Benign accommodation? Ukuthwala, ‘forced marriage’ and the South African Children’s Act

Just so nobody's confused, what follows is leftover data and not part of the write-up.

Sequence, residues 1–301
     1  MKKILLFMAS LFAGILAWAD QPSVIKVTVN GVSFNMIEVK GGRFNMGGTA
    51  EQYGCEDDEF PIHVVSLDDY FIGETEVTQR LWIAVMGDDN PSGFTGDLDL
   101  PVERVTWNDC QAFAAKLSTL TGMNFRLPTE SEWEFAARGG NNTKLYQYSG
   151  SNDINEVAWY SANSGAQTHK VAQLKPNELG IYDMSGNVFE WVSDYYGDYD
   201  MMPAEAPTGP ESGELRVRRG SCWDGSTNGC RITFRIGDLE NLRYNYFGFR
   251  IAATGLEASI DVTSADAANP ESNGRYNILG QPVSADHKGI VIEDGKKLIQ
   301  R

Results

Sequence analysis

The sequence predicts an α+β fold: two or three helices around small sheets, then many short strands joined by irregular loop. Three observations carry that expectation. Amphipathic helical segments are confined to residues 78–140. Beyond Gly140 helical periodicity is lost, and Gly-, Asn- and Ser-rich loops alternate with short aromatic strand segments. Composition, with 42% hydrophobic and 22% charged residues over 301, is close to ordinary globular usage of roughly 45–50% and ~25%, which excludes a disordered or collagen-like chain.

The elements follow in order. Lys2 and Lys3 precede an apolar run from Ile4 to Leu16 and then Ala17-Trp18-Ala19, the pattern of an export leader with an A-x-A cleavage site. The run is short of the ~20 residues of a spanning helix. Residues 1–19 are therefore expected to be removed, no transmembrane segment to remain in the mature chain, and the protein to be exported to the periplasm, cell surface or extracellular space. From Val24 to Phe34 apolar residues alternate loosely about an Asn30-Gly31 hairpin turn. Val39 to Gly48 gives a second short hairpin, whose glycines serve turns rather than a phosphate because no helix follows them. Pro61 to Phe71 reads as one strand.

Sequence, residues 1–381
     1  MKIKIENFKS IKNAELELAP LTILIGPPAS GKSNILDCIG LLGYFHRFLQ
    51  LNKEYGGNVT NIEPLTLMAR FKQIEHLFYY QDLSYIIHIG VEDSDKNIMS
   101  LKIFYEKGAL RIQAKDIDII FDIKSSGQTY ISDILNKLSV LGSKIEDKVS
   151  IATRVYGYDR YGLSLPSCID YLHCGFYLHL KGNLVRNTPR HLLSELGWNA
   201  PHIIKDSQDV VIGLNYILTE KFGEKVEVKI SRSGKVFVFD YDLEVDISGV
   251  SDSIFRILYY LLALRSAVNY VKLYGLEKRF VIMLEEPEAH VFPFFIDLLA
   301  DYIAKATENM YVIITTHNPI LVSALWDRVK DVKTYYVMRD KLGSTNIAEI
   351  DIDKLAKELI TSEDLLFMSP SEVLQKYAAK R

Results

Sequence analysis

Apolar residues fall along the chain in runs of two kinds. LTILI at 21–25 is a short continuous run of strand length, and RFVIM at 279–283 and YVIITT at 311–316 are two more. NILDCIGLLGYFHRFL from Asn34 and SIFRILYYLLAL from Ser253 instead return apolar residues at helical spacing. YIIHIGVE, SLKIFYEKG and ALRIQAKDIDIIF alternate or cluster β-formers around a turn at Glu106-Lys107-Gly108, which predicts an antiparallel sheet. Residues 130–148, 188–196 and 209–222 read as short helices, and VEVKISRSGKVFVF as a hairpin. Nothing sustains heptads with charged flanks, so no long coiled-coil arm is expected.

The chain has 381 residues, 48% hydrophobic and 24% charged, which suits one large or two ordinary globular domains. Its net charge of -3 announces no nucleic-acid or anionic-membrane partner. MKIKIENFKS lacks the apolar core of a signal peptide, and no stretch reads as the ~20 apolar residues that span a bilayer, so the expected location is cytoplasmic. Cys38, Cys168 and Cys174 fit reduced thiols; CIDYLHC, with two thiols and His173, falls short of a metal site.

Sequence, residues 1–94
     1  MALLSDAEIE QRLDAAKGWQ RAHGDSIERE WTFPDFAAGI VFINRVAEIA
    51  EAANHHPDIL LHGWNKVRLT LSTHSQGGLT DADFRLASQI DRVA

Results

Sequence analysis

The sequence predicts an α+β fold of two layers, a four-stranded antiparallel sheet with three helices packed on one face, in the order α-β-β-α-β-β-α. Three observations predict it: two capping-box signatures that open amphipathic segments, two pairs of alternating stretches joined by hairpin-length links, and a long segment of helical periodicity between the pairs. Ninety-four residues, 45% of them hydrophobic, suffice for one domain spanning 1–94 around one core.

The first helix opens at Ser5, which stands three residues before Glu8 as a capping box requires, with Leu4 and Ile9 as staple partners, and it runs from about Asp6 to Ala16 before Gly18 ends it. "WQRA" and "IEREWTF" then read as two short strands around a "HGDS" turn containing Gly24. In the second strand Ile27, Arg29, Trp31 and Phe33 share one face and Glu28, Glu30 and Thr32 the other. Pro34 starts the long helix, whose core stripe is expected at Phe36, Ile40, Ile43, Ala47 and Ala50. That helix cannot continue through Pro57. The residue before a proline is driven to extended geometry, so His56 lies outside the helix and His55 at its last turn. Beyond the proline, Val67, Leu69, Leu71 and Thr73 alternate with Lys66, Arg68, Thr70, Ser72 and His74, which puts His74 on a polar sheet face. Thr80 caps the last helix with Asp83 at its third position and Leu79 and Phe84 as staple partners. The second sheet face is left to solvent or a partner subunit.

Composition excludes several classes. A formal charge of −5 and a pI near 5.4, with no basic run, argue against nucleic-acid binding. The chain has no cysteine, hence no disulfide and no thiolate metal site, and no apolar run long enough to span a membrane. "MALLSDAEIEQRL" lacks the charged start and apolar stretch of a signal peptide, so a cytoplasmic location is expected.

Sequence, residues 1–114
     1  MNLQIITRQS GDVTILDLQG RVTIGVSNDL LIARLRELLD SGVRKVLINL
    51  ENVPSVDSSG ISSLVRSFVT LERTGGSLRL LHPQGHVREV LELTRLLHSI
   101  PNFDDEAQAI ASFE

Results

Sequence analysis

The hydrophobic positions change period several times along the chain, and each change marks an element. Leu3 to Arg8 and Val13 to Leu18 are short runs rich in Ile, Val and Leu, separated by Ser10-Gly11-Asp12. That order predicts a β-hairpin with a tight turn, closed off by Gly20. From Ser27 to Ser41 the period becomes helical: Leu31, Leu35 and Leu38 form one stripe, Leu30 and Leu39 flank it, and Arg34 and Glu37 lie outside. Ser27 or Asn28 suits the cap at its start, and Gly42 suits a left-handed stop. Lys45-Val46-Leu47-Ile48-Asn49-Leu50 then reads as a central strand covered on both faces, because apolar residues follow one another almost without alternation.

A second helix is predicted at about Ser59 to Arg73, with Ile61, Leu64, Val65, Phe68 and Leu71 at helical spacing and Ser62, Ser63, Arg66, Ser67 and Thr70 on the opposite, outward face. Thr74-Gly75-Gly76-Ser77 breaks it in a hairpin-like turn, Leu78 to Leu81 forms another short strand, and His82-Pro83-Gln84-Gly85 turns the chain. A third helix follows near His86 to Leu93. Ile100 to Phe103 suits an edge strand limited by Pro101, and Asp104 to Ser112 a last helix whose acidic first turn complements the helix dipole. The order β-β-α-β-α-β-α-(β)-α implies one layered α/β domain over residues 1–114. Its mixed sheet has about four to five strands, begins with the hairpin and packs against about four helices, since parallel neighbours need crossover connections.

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In this article, we evaluate the implications of the Children’s Act 38 of 2005 for ukuthwala. Ukuthwala is a practice whereby, as a preliminary procedure to a customary marriage, a young man forcibly takes a girl to his home. In recent times, the practice has taken on other dimensions, including very young girls being married to older men and charges of abduction being laid. Questions arise relating to the impact of constitutional principles upon this customary law and practice. It is suggested that instead of adopting an a priori prohibitionist stance towards customs that seem to violate human rights norms, benign accommodation of aspects that promote the positive aspects of culture be sought. This approach leads to a conclusion that South African law should recognise those forms of ukuthwala where the requirement of the consent of the ‘bride’ is met. The implications of the prohibition on social and cultural practices detrimental to child well-being in the Children’s Act 38 of 2005 are framed in this context.